On March 28th, I went to a lovely dinner at a family’s home in Bowling Green hosted by Chris and Leah. I did not know this family before the dinner, however, we all got to know each other during our meal. It made me feel like I was at home having dinner with my family. The family was a unique family in that both Leah and Chris had two daughters each and they were the same ages. They both have a daughter that is a senior in high school and a daughter that is a freshman in high school. Chris’s daughter’s, MacKenna and Riley, were present for the dinner, and one of Leah’s daughter, Katie, was also in attendance. Leah’s oldest daughter was, unfortunately, unable to make it though.
Chris, Leah’s fiancé, works for a construction company out of Nashville. He was originally from Michigan but moved to Bowling Green to pursue work. He contributed to the diversity of the group because of the many different types of people that work for him. His experiences working with them and hearing their perspectives on many different social issues allowed him to provide us with different perspectives in our discussions. His oldest daughter, MacKenna, is a senior at Bowling Green High School. She plans to attend Western Kentucky University in the fall with a major in something in the medical field. MacKenna’s boyfriend Cole was also present at the dinner with us. He, too, is a senior at Bowling Green High School, however, he did not plan on attending college. He is an outdoorsman who spends a lot of his time in the outdoors hunting and fishing. Chris’s younger daughter, Riley, is a freshman who also attends Bowling Green High. She plays soccer for her school.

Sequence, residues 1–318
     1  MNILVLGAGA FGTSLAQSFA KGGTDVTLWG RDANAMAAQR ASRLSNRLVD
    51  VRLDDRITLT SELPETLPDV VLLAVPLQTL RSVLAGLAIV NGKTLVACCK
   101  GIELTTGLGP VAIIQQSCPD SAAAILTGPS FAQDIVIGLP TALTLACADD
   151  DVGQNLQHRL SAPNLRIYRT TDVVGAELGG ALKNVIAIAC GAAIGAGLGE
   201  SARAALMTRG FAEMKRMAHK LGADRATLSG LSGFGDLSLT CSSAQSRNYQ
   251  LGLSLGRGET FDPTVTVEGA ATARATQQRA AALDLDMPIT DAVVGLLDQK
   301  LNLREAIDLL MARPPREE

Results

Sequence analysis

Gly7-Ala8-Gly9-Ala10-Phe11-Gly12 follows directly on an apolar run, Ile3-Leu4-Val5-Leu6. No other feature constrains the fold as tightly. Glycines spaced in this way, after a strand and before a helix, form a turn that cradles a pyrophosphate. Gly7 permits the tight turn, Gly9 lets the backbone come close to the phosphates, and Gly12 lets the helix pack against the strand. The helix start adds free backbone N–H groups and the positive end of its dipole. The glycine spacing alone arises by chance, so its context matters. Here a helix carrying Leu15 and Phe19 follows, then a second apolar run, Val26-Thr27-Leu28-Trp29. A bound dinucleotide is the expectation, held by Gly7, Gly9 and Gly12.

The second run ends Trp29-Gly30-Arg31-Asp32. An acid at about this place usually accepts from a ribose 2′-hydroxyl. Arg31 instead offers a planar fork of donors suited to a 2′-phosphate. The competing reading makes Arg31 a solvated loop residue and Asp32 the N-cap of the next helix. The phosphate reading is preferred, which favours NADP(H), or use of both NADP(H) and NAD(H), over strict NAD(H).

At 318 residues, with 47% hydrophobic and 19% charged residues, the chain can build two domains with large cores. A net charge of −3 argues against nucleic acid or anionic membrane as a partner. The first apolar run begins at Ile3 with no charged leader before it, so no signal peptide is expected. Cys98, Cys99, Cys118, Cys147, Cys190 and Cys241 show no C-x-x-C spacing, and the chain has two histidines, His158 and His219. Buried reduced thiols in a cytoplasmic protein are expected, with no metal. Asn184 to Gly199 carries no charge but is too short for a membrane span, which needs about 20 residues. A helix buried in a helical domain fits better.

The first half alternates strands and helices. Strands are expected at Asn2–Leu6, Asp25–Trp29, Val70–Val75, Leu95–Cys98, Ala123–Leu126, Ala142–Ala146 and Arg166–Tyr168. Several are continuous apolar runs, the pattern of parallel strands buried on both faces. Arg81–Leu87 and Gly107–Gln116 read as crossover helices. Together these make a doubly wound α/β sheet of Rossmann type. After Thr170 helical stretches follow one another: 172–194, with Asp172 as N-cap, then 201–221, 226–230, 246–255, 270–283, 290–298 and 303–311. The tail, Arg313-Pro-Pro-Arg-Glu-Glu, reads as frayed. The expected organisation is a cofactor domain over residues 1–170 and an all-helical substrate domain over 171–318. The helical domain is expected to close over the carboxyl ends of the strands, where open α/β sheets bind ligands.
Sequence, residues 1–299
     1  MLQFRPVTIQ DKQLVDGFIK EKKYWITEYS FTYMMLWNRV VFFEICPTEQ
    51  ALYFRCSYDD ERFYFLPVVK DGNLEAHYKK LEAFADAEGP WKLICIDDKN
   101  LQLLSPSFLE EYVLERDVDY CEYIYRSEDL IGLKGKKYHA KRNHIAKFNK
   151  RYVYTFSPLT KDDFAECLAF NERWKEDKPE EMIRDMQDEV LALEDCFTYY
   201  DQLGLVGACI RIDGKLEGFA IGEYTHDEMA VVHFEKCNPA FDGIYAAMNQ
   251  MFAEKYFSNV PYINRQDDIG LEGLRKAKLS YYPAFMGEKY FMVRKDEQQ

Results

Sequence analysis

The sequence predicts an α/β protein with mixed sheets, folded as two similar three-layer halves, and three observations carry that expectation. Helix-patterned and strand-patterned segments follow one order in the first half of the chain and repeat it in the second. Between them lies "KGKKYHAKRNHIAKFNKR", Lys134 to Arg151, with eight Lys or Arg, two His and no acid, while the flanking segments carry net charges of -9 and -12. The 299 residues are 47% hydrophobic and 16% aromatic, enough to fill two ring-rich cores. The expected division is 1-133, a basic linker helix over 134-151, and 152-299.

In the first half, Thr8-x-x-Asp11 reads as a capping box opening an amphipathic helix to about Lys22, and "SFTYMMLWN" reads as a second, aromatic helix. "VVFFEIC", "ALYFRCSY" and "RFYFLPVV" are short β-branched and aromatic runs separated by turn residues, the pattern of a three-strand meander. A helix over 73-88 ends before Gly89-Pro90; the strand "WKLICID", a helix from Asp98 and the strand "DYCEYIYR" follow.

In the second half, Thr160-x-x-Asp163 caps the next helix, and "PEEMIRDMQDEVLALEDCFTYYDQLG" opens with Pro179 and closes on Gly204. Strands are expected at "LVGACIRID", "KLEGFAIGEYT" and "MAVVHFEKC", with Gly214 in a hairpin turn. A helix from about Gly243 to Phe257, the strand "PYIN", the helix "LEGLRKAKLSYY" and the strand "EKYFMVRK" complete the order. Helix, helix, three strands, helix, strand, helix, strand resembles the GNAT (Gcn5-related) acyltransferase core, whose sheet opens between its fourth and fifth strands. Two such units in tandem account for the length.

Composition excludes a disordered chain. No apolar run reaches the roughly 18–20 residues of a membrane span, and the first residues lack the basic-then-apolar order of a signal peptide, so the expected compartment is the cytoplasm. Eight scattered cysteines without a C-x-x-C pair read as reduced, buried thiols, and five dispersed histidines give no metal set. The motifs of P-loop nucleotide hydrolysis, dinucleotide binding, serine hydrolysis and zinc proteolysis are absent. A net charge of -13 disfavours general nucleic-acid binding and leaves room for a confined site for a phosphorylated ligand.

Leah works on Western Kentucky University’s campus at the Social Center for Citizenship and Justice so she has a pretty good understanding of the social issues in our community as well as around the world. At her job, she is involved in many things trying to help the citizens of Bowling Green. When asked about her opinion on the biggest social problem here in Bowling Green, she talked about the refusal of many immigrants to seek healthcare, among other things. This was ironic for me because health care is the focus of my group paper and the local immigrant populations refusal to go to the free clinics are a major problem.There is a high immigrant population in our community, and many of those immigrants are afraid to seek medical care because they do not have proper identification. Leah’s daughter, Katie, was the only one of her two daughters able to make it to the dinner. Katie is also a freshman at Bowling Green High School. She is a cheerleader for the school as well.